Now we are in the api_gateway folder. We need to create a go project module, as we did before, by executing the following command:

go mod init api_gateway
Enter fullscreen mode Exit fullscreen mode

Then, we need to create another main.go file inside the folder.

Inside this new main.go file we need to import helper packages as we did previously:

package main

import (
  "fmt"
  "log"
  "net/http"

  "github.com/dgrijalva/jwt-go"
)
Enter fullscreen mode Exit fullscreen mode

Set up the signing key

We need to access our signing key here too:

var MySigningKey = (byte[])os.Getenv("SECRET_KEY")
Enter fullscreen mode Exit fullscreen mode

This key will be used to validate the JWT presented to our microservices.

Create the middleware to intercept incoming requests and validate the JWT

After assigning the key, the first thing we need to do is to create a middleware that will intercept all incoming requests. It will check if the token is provided or not before allowing the request to proceed further.

Here’s the skeleton of this function:

// ...
func isAuthorized(endpoint func(http.ResponseWriter, *http.Request)) http.Handler {
  return http.HandlerFunc(func(w http.ResponseWriter, r *http.Request) {
    if r.Header["Token"] != nil {
      // TODO
    } else {
      fmt.Fprintf(w, "No Authorization Token provided")
    }
  })
}
// ...
Enter fullscreen mode Exit fullscreen mode

We’ll build out the code for the //TODO section next.

Build the middleware JWT parsing logic

We need to parse the token and check credentials to determine if a request is authorized. We’ll validate that the token is signed, that the signing method is correct, and that the audience and issuer are what we expect. If any error occurs, we return the error message as a response instead of passing the request through.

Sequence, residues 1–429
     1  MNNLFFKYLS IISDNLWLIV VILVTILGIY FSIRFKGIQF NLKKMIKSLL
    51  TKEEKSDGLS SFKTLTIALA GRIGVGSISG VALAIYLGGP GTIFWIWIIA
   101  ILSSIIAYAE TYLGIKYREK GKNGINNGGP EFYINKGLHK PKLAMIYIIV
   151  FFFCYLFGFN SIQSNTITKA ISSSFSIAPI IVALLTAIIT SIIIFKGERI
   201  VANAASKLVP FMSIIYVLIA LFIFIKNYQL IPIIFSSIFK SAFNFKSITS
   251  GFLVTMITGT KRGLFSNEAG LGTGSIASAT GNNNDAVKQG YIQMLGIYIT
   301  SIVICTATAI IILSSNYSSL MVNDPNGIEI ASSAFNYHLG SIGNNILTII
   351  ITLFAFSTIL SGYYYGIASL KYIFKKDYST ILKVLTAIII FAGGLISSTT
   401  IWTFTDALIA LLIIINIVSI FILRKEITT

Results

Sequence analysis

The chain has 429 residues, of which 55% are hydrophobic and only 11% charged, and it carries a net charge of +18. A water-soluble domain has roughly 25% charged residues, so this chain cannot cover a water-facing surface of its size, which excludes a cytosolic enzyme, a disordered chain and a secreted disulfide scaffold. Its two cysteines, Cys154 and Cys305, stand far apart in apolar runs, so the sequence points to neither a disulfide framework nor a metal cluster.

In the happy path, however, we let the client request pass to the next endpoint.

Here’s the code for the //TODO section:

token, err := jwt.Parse(r.Header["Token"][0], func(token *jwt.Token) (interface{}, error) {
  if _, ok := token.Method.(*jwt.SigningMethodHMAC); !ok {
    return nil, fmt.Errorf(("Invalid Signing Method"))
  }
  if _, ok := token.Claims.(jwt.Claims); !ok && !token.Valid {
    return nil, fmt.Errorf(("Expired token"))
  }
  aud := "billing.jwtgo.io"
  checkAudience := token.Claims.(jwt.MapClaims).VerifyAudience(aud, false)
  if !checkAudience {
    return nil, fmt.Errorf(("invalid aud"))
  }
  iss := "jwtgo.io"
  checkIss := token.Claims.(jwt.MapClaims).VerifyIssuer(iss, false)
  if !checkIss {
    return nil, fmt.Errorf(("invalid iss"))
  }

  return MySigningKey, nil
})
if err != nil {
  fmt.Fprintf(w, err.Error())
}

if token.Valid {
  endpoint(w, r)
}
Enter fullscreen mode Exit fullscreen mode

Add a microservice endpoint

Okay, so isAuthorized prevents unauthorized access to an endpoint by validating the token. But what is it protecting? We need to create an endpoint to return something once the clients’ request is validated. Let’s do that.

func index(w http.ResponseWriter, r *http.Request) {
  fmt.Fprintf(w, "Super Secret Information")
}
Enter fullscreen mode Exit fullscreen mode

(You can feel free to build out something more useful than the above, but for purposes of illustration returning Super Secret Information is enough to show the endpoint is protected by examining the JWT.)

We also need to import the server packages at the top of main.go as shown in the code snippet below:

import (
  "fmt"
  "log"
  "net/http"

  "github.com/dgrijalva/jwt-go"
)
// ...
Enter fullscreen mode Exit fullscreen mode

Then, we need to wrap our index endpoint with the jwt middleware. We’ll also listen on port 9001.

// ...
func handleRequests() {
  http.Handle("/", isAuthorized(index))
  log.Fatal(http.ListenAndServe(":9001", nil))
}
func main() {
  fmt.Println("server")
  handleRequests()
}
Enter fullscreen mode Exit fullscreen mode

That’s it, our protected microservice is ready to go. All of main.go is below:

package main

import (
  "fmt"
  "log"
  "net/http"
  "os"

  "github.com/dgrijalva/jwt-go"
)

var MySigningKey = []byte(os.Getenv("SECRET_KEY"))